On Screentime & Reaping Benefits of Technology

There is a lot of marketing, research and branding out there, some telling us how to let our kids get ahead with technology, and others to stay away from it at all costs because it's rotting our brains! What's the real scoop in all this? How can we incorporate the advantages and benefits of technology into our daily lives while maintaining good brain health? And perhaps even more importantly as parents and teachers, how can we do this for today's kids?

Well, last month, I joined in a teacher chat on the Piano Parent Podcast with fellow teacher Judy Wilkins, and the podcast host, Shelly Davis to talk about this exact topic. In the course of our discussion, I found myself really glad that we were talking together, and enjoyed the down-to-earth and actionable tips that Judy shared that were still flexible enough to fit a range of family & personality dynamics. 

You can listen to the full episode in the player below, or go check out the shownotes on the podcast's website.  I'll continue on here with what I found particularly interesting.

So, what were my big take-aways? 

Well, I always love some good scientific research, so I found the studies that Judy shared with us really interesting. In particular, I really appreciated the American Academy of Pediatrics recommendations for screentime use at different developmental stages. Here's what they say: 

  • "For children younger than 18 months, avoid use of screen media other than video-chatting. Parents of children 18 to 24 months of age who want to introduce digital media should choose high-quality programming, and watch it with their children to help them understand what they're seeing.
  • For children ages 2 to 5 years, limit screen use to 1 hour per day of high-quality programs. Parents should co-view media with children to help them understand what they are seeing and apply it to the world around them.
  • For children ages 6 and older, place consistent limits on the time spent using media, and the types of media, and make sure media does not take the place of adequate sleep, physical activity and other behaviors essential to health. 
  • Designate media-free times together, such as dinner or driving, as well as media-free locations at home, such as bedrooms.
  • Have ongoing communication about online citizenship and safety, including treating others with respect online and offline." - Citation Link, American Academy of Pediatrics
I like that this is reasonable, considers that technology is a part of our world, and recognizes that technological literacy is important. 

So now, how do we apply all this to piano lessons and home practice within the Dawn's Piano studio? 

Well, studio parents & students may have noticed that we have a piano lab in the studio with an iPad & a digital piano. Both of those are pieces of technology that make it possible for us to have group lessons (to the point that we are likely adding one more digital piano this Fall!). How can you know that this is a beneficial use of technology? Here's how it's set up to insure that students are engaging in critical thinking and building piano skills & music theory knowledge:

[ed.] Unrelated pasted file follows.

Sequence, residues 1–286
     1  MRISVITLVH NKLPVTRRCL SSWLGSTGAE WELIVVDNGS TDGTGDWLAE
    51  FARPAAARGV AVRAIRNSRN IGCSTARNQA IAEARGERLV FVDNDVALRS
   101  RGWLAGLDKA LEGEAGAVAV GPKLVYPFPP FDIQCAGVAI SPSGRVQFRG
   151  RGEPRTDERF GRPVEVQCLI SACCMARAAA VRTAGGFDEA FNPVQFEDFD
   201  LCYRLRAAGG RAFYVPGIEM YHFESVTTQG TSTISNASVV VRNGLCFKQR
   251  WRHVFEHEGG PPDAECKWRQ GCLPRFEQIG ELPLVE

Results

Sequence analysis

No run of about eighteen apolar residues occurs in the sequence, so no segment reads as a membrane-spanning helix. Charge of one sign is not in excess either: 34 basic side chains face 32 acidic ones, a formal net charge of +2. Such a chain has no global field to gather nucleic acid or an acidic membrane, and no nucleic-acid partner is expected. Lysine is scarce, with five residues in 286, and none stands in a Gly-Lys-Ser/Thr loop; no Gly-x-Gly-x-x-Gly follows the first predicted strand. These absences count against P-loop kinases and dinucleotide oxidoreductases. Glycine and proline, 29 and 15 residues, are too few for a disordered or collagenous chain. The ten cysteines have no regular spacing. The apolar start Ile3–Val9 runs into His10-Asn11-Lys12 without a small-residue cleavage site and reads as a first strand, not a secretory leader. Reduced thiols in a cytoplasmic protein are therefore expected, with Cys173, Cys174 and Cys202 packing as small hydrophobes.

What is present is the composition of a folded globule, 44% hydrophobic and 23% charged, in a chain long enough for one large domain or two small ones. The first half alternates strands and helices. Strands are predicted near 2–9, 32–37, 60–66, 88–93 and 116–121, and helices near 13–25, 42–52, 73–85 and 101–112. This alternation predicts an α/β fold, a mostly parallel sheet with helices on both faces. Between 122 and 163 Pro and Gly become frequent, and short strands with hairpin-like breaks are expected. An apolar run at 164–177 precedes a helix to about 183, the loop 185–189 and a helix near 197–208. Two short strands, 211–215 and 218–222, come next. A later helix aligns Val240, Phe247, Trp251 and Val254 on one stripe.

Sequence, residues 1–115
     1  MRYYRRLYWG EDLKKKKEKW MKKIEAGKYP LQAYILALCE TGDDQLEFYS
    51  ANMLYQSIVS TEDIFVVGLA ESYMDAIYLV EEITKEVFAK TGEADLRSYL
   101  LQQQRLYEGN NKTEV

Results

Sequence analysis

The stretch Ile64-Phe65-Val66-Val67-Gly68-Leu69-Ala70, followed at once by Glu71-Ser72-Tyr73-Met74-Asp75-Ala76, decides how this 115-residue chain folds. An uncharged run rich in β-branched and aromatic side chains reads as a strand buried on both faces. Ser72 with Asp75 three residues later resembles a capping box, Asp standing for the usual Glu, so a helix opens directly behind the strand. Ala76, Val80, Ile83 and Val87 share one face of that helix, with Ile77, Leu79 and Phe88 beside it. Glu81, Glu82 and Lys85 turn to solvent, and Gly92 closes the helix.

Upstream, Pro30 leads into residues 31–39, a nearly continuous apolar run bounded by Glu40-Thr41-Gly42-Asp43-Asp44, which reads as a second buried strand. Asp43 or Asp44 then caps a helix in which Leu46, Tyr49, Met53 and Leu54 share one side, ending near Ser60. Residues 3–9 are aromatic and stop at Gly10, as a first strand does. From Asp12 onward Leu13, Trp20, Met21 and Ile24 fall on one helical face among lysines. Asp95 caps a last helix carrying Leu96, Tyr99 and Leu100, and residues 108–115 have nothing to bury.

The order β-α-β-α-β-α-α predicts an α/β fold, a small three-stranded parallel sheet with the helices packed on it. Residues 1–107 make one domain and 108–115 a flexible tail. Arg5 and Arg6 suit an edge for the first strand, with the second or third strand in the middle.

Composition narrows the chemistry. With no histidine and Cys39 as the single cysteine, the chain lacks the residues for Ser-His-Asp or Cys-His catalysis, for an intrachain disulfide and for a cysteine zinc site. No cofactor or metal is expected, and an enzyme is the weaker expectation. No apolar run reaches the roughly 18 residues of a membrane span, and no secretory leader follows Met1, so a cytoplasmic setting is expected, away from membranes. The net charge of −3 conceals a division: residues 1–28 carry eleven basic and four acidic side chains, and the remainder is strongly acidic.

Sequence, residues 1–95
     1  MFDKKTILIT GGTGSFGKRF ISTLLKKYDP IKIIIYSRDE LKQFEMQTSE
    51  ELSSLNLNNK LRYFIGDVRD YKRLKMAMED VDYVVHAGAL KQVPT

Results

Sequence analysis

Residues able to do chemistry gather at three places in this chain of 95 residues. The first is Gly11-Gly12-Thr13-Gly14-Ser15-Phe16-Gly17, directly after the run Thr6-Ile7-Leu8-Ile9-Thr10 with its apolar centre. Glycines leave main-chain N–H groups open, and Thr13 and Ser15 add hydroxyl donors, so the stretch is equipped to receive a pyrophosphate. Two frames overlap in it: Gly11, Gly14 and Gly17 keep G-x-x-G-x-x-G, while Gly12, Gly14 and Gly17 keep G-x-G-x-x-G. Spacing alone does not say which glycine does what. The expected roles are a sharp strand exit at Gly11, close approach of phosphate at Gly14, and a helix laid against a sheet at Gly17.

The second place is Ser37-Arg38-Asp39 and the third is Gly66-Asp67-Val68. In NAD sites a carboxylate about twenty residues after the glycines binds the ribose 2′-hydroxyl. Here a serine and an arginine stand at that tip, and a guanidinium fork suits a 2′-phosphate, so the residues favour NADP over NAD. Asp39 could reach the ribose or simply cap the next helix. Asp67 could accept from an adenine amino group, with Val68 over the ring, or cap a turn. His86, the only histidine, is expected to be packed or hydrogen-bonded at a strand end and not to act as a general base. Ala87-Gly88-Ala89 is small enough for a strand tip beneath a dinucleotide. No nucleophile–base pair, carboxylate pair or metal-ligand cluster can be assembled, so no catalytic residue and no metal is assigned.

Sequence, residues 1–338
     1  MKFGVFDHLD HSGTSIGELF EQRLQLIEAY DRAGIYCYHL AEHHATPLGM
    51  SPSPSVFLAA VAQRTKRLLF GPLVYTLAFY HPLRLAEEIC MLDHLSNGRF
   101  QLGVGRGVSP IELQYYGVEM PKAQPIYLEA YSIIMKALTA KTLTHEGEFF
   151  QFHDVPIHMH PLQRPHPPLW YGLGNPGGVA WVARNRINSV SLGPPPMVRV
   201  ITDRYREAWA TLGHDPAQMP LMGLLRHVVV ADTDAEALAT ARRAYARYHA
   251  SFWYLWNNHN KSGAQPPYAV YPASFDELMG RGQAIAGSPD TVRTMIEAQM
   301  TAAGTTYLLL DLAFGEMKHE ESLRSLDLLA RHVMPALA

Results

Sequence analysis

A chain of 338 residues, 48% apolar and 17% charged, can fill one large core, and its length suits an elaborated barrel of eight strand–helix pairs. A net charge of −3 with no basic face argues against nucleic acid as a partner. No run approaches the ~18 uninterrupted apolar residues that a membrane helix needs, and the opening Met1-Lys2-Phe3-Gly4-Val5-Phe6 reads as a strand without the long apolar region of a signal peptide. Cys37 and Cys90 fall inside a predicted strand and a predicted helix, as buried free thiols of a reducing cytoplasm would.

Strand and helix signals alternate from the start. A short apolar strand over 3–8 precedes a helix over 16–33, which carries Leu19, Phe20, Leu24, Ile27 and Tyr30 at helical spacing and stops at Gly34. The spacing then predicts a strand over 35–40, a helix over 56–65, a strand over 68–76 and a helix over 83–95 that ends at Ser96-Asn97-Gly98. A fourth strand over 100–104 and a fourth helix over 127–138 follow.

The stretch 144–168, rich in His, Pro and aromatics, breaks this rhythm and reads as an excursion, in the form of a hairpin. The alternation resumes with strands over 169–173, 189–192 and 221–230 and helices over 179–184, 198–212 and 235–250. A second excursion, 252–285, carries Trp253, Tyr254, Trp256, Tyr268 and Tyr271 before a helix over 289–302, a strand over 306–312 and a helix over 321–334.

• Piano lab time starts around primer level (age 5-6), in preschool lessons we very rarely use that piano, let alone the iPad. 
  • The first thing students do at piano lab is grab a pencil & work on any written theory assignments for the week.
  • Second, they check the "App of the Week" assignment on the hanging chalkboard that changes every Monday. These apps are either Musition or Auralia apps that zero in on a specific music theory concept or aural training skill. Each one is leveled, so beginning through advanced students can choose the appropriate level of difficulty in the chosen concept. (For example, if the app of the week is Rhythm Tapping as pictured here, a beginning student would choose level 1 and only be given whole, half and quarter notes in the rhythms to tap to the metronome's beat. An advanced student could choose as high as level 10 and be tested on much more complex rhythms & meters).
  • After they've completed the App of the Week assignment, they can switch to Piano Maestro. In this one, while students use the digital piano to play the notes that scroll by on the screen, they are also hearing the backing track to increase their awareness of rhythm and flow. It's a very rewarding app to use in terms of how it's gamified and leveled, but most importantly, it does a terrific job building those essential sight reading and timing skills. 
With the written work before-hand and the rotating nature of group lessons, students are often doing iPad assignments for 5-10 minutes, it's short and focused so they are on task and working on things that will benefit their music studies. 

If you're wanting to implement some apps into home practice, there are some terrific ones available, try:
  • Choosing an app that partners with a skill we're trying to achieve. Maybe it's sight reading, maybe it's rhythm & pulse, maybe it's music theory, but choose an app that's relevant to a current lesson focus. 
  • Keeping the iPad time to 10 minutes or less of practice, so students can get those learning benefits, but still spend the bulk of their practice playing their pieces. 
If you have any brilliant ways for managing screens in your home, I'd love to hear about them! Send me an email or chime in on one of our social media channels.